27-1: “Tribal College Communities” Table of Contents

27-1 TRIBAL COLLEGE COMMUNITIES

Features

Engaging Life: TCUs and their Role Building Community
By Cheryl Crazy Bull
The tribal college founders sought to establish institutions rooted in place, extending beyond academic and workforce education. They dreamed of colleges and universities that served as centers of tribal and community life. In this feature article, the president and CEO of the American Indian College Fund recounts some of the ways that TCUs engage with their communities.TCJ PAID CONTENT

TCJ Student
Edited by LeAnne Howe
The decorated author and distinguished scholar from the Choctaw Nation presents the winners of this year’s student writing contest and reflects on how the writing of today’s tribal college students is part of a greater tribalography.

Lighting the Way: Keweenaw Bay Ojibwa Community College Serves as a Beacon Light for Tribal Members
By Sherrole Benton
Following the ravages of colonization and territorial loss, the Keweenaw Bay Indian Community has striven to develop an institution that serves as a gathering place and as a bastion of culture and language—a role which their tribal college has fulfilled for students and community members alike.TCJ PAID CONTENT

Barrow’s Living Room: How a Tribal College Library Connects Communities across the Arctic
By Erin Hollingsworth
More than just storerooms of information, tribal college libraries are gathering spaces that bring people together. The Tuzzy Consortium Library in Barrow, Alaska offers programs and services that build community at IIisagvik College and beyond.TCJ PAID CONTENT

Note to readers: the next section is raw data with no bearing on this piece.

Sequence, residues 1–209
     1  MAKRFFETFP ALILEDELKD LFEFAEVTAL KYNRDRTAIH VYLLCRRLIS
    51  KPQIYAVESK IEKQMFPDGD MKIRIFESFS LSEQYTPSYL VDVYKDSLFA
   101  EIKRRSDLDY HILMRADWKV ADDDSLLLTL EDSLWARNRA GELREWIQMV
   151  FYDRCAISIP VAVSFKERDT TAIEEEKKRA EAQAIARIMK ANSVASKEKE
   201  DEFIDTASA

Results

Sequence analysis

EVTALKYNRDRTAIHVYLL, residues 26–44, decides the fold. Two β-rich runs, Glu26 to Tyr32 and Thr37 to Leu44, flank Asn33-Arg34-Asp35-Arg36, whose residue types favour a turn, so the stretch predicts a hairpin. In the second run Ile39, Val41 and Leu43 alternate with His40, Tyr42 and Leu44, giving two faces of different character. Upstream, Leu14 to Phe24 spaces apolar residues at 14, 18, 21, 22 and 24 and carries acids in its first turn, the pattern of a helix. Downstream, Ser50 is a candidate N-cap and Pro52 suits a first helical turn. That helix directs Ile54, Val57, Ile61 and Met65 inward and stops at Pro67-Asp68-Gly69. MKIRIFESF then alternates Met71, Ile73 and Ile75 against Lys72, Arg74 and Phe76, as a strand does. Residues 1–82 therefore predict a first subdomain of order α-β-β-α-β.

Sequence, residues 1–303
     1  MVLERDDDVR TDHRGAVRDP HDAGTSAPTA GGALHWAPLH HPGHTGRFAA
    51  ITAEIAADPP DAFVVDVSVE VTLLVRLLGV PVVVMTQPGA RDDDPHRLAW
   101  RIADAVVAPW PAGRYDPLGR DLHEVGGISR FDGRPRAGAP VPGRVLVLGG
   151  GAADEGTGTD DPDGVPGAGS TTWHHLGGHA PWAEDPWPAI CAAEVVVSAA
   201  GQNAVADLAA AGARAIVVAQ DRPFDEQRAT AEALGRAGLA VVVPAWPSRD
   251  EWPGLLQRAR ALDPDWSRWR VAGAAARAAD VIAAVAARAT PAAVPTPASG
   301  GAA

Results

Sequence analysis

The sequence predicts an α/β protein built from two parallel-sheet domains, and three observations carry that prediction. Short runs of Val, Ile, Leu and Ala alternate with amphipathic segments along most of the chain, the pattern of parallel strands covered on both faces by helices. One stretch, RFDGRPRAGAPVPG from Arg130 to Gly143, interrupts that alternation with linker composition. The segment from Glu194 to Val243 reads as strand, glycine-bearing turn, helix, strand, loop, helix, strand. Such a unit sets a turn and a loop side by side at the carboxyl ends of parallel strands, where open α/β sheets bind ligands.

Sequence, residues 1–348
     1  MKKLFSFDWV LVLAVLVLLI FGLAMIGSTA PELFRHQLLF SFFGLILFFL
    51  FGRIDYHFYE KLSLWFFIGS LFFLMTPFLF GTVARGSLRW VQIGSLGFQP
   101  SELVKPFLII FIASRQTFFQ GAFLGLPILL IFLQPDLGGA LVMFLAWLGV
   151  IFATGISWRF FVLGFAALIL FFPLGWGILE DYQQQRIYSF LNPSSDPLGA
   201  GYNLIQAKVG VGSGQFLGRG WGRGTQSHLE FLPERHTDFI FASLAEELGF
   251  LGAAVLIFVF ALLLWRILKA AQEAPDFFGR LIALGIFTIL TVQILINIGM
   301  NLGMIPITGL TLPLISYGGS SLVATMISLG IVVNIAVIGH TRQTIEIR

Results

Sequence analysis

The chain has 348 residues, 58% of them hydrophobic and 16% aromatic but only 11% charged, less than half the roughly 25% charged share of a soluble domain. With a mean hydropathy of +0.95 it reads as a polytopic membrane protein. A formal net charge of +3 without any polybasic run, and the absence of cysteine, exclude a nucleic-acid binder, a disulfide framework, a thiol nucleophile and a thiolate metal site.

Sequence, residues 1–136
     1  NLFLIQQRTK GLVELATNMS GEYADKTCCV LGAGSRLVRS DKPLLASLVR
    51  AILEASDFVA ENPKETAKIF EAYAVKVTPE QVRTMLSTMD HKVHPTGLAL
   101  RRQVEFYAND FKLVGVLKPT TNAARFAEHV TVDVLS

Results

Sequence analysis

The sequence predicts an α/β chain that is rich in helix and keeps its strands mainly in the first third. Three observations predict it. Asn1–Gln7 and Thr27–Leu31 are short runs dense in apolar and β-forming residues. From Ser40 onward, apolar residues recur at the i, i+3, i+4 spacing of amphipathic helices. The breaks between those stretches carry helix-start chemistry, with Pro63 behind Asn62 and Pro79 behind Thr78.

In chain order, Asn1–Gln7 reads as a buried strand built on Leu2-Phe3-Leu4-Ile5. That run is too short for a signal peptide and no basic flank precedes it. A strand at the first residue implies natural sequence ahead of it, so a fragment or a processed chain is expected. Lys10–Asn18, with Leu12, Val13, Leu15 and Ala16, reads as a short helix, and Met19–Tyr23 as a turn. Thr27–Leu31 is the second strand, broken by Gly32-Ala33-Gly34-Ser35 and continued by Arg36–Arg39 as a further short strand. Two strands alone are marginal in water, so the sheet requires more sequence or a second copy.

Departments

Dear Readers: 2015 TCJ Student Competition Gets Better and Better
By Rachael Marchbanks

Letters to the Editor

Editor’s Essay: The Unquantifiable Value of Tribal Colleges
By Bradley Shreve

On Campus: Tribal College News

Talking Circle: Oshki Bimaadiziiwin: Restoring Balance through Education
By Patricia Hemming and Patrick Shields
Connecting with the community often means reaching out to the most marginalized individuals. Lac Courte Oreilles Ojibwa Community College has done just that in developing a new program that paves a road to redemption for Native inmates in Wisconsin’s state prisons. TCJ PAID CONTENT

Media Reviews
With contributions from Carmelita Lamb, Leola Tsinnajinnie, Gregory E. Smoak, and Jon Carver.

ON THE COVER: Three Women by R.C. Gorman (Diné). Courtesy of the IAIA Museum of Contemporary Native Arts, Santa Fe, New Mexico

Web Exclusive

Unlocking the Past: The O’odham Oral History Project Keeps Language and Culture Alive
By Martha S. Lee
Tohono O’odham Community College rediscovers elders’ oral histories, archiving and preserving them for future generations.

Canada’s Tribal Colleges
By Leif Gregersen
In this web-exclusive, four-part series, TCJ profiles First Nations colleges north of the border. Nicola Valley Institute of Technology and the Native Education College in British Columbia are highlighted in this first installment.

Resource Guide
By Cheryl Crazy Bull